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In , Saint Kitts took controversial steps to scale down involvement in the sugar industry in anticipation of changing global trade rules that threatened this sector. Opposition leaders responded by calling for public protests and demonstrations against the reforms. European colonization of Nevis began in the seventeenth century with the arrival of English and French colonists. Intermittent warfare led to changes in sovereignty, but the Treaty of Paris in awarded both islands to Britain.
In , together with Anguilla, they became a self-governing state in association with Great Britain; Anguilla seceded late that year and remains a British dependency. In , the Financial Action Task Force removed the twin island federation from its list of jurisdictions that were "non-cooperative" in the fight against money laundering and other financial crimes.
Momentum began to gather in mid for Nevis to secede from Saint Kitts, a process that cast a shadow over the twentieth anniversary of independence from Great Britain, which was celebrated on September 19 of that year. Nevis is accorded the constitutional right to secede if two-thirds of the elected legislators in its local assembly approve and two-thirds of Nevisian voters endorse secession in a referendum.
Though a referendum on independence failed the required two-thirds majority, Nevisians continued to feel neglected. No Nevisian is a member of the governing cabinet, and the island is entitled to only 3 of 11 seats in the national legislature.
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There is little support for independence from the region or further afield. However, the issue is still pending without resolution.
Some in the opposition PAM called on workers to take up machetes and march against the sugar industry closure, but sizable severance payments to former sugar laborers succeeded in mollifying many sugar reform opponents. Political Rights and Civil Liberties: Citizens of Saint Kitts and Nevis can change their government democratically.
The elections were generally deemed free and fair. The Saint Kitts and Nevis national government consists of the prime minister, the cabinet, and the unicameral National Assembly. Elected Assembly members-eight from Saint Kitts and three from Nevis-serve five-year terms.
Senators are appointed, and their number may not exceed two-thirds of the elected members-one chosen by the leader of the parliamentary opposition for every two chosen by the prime minister. Nevis also has a local assembly, composed of five elected and three appointed members, and pays for all of its own services except for those involving police and foreign relations. Saint Kitts has no similar body.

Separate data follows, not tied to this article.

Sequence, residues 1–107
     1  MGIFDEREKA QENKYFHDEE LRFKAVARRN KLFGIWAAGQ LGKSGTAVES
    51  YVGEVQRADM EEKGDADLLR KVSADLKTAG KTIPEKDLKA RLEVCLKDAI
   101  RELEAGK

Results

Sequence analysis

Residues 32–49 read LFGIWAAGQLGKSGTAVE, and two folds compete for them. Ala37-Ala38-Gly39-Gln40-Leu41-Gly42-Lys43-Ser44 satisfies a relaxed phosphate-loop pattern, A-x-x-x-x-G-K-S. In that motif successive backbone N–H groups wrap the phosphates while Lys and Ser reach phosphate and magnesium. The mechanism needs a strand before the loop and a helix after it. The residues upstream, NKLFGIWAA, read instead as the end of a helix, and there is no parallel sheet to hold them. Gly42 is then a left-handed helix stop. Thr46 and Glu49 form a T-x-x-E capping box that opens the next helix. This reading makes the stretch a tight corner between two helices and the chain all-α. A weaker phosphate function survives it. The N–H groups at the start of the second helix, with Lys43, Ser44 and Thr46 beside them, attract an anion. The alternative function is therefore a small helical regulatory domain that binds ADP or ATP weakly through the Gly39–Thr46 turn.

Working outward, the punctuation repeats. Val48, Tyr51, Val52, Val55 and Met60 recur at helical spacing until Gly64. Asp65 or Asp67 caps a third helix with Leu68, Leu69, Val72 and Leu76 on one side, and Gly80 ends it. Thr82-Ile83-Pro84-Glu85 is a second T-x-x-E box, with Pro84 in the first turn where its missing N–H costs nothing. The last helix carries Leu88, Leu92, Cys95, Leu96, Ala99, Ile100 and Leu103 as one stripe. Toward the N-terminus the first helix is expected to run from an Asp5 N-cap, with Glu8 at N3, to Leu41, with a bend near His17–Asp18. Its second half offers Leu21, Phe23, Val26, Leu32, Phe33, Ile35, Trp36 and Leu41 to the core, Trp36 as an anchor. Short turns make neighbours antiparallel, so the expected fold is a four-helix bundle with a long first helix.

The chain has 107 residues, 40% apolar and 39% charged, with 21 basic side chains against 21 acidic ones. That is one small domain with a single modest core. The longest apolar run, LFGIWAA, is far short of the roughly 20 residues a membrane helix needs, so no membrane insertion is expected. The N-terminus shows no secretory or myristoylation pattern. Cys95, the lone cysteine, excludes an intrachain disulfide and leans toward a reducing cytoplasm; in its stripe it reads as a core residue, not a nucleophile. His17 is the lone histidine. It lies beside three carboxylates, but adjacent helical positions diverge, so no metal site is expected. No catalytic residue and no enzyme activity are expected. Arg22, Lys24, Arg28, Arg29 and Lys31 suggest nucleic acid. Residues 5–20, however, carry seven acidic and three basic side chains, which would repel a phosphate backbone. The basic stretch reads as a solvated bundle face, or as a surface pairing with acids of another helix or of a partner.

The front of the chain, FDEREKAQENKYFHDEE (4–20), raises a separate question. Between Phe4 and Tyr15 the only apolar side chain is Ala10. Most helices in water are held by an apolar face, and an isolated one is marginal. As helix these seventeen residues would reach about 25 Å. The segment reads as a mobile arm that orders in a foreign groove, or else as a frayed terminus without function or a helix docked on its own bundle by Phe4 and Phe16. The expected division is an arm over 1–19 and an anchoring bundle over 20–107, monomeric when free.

The country is a member of the Commonwealth with a governor-general appointed by the Queen of England. In an effort to ensure greater transparency in political party financing, a constitutional amendment was approved requiring the disclosure of all campaign donors whose gifts exceed a certain threshold. However, drug trafficking and money laundering have had a corrupting influence on the political system by undermining the effectiveness of the police force and tainting the judicial process.
Constitutional guarantees of free expression are generally respected. Television on Saint Kitts is government owned, although it is managed by a Trinidadian company, and there are some government restrictions on opposition access to it. Prime Minister Douglas has kept pledges to privatize radio, with the selling off of the government radio station. There are eight radio stations and two daily newspapers on the island.
In addition, each major political party publishes a weekly or fortnightly newspaper. Opposition publications freely criticize the government, and international media are available. There is free access to the internet. The free exercise of religion is constitutionally protected, and academic freedom is generally honored.
The right to organize civic organizations and labor unions is generally respected, as is the right of assembly. The right to strike, while not specified by law, is recognized and generally respected in practice.
St. Kitts and Nevis | Country report | Freedom of the Press | 2006
The judiciary is generally independent, and legal provisions for a fair and speedy trial are generally observed. The highest court is the West Indies Supreme Court in Saint Lucia, which includes a court of appeals and a high court. Under certain circumstances, there is a right of appeal to the Privy Council in London. The national prison is overcrowded, and conditions are abysmal.
The deportation of a number of felons from the United States under the U. Illegal Immigration Reform and Immigrant Responsibility Act of has contributed to a feeling of being overwhelmed among local law enforcement agencies. In January, the government enacted new work permits for foreign nationals mandating that their jobs must be advertised to current citizens.
St. Kitts and Nevis | Country report | Freedom in the World | 2006
The move was seen as targeting the influx of Guyanese seeking work in Saint Kitts and Nevis. Violence against women is a problem. The Domestic Violence Act of criminalizes domestic violence and provides penalties for abusers. The Department of Gender Affairs, a part of the Ministry for Social Development, Community, and Gender Affairs, has offered counseling for victims of abuse and conducted training on domestic and gender violence.
There are no laws against sexual harassment. More girls than boys have access to primary and secondary education. Two of seventeen members of parliament are women.